The reason is to have a larger opportunity set of companies to examine. The way we look at places in which we are willing to invest includes markets that have a history of shareholder capitalism over time—or are moving in that direction—and have good disclosures in English or can be easily translatable into English. Shareholder capitalism results in good disclosure of the value drivers and KPIs associated for most firms. Shareholder capitalism, as we know it in the US today, was first adopted on a large scale in the Netherlands in the 1600s, where strangers (non-family members) via the Dutch East India Company, could invest in businesses. The English made the Dutch ruler the King of England, and he brought the economic system with him to England. Then the system was expanded to English and Dutch colonies such as the United States, Canada, Australia, and South Africa through immigration. Over time, the system was adopted in much of Europe and in some places in Asia such as Singapore, Hong Kong, Taiwan, and South Korea. This disruption replaced the more traditional family-only capitalism that had been practiced for thousands of years. One risk we examine while looking at companies overseas is currency risk; you can be right on the industry, business, and management and still lose money in USD through currency depreciation. We examine a country’s currency going back to 2000 vs. the USD. If there has been currency depreciation, then we increase our return threshold for those businesses. The only country in this position today is South Africa.
I tend to focus on markets playing by similar enough rules to the United States for me to evaluate these firms. Outside of these regions, a different game is being played that I do not understand, so I stay away.
I’ve found holding companies to offer interesting upside to investors, and they are common in many foreign markets like South Korea. One of the challenges of holding companies is the catalysts to reduce the discounts at which they trade. The best way to unlock the Holdco discount, in my opinion, is via a spin-off or sale. I have found interesting special situations in South Korea in their holding company transactions. In these transactions, the interests in the operating companies are exchanged and combined into a holding company for the patriarch’s heirs to pay estate taxes without losing control of the operating subsidiaries. To do this, the government requires better corporate governance practices and disclosures. We have had positive experiences with these transactions in Korea—specifically in unlocking some of the holding company discount.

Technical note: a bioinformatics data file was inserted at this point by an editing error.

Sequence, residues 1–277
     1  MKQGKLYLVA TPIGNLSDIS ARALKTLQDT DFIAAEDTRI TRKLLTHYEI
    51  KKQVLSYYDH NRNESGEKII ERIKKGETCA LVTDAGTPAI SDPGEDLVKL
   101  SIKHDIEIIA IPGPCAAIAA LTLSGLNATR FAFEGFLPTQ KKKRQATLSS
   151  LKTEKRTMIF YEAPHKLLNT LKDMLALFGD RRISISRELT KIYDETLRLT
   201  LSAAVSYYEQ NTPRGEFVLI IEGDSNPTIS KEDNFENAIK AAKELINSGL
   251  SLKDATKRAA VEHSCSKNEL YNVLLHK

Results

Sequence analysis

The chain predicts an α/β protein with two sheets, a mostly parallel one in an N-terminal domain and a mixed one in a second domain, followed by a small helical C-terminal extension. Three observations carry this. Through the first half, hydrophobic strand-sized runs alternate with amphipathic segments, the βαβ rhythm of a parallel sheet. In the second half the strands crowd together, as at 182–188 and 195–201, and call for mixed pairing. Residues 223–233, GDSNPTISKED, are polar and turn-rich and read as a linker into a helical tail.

What are some of the common red flags or positive signs you look for in your research process?
In the industries I focus on (media/telecom, distributors, real estate, and consumer products), one of the red flags is high debt (low coverage ratios) in mature or declining cash flow situations. I have learned from personal experience with my own money in the 2000s that these can create losses if growth is not present. In addition, there are some aspects of disruption in many of these industries, so you have to evaluate whether the disruptor will destroy the economics of the subject company or whether the subject can adopt the innovation and compete with the disruptor. Typically, if the disruptor builds a new value chain that others can’t or won’t build, then the disruptor is successful. If incumbents can modify their value chains to meet customers’ needs, then they will be successful, since they have a pipeline of legacy customers. Another area that needs to be evaluated is capital allocation given that all of the firms we look at generate cash. Finally, the firms we like have high returns on equity, typically above 15%, which can lead to nice longer-term growth rates.
What are two or three interesting Ideas on your radar now?
I like the theme of industry consolidation and operational leverage. One idea that I find interesting is traditional auto dealers that are incorporating the disruption of the internet into their business. Dealers have been some of the best businesses in the US. Many of the owners of dealerships have become very wealthy in a generation or two, as the business requires little capital (most of it is financed by OEMs or third parties) and can realize local economies of scale via sales growth or consolidation. The car dealership business is very fragmented, with the largest dealers having about 2% market share nationwide. This allows for revenue growth of 20% per year via consolidation for at least the next 10 years for more than one firm, despite low single-digit comparable to GDP growth for the entire industry.
The specific dealer I like is Asbury Automotive Group (NYSE: ABG — $3.78 billion). Asbury is the best performing of the traditional dealers, with the highest return on equity, margins, and inventory turns despite not being the largest dealer; this is due in part to Asbury’s clustering strategy which takes advantage of local economies of scale.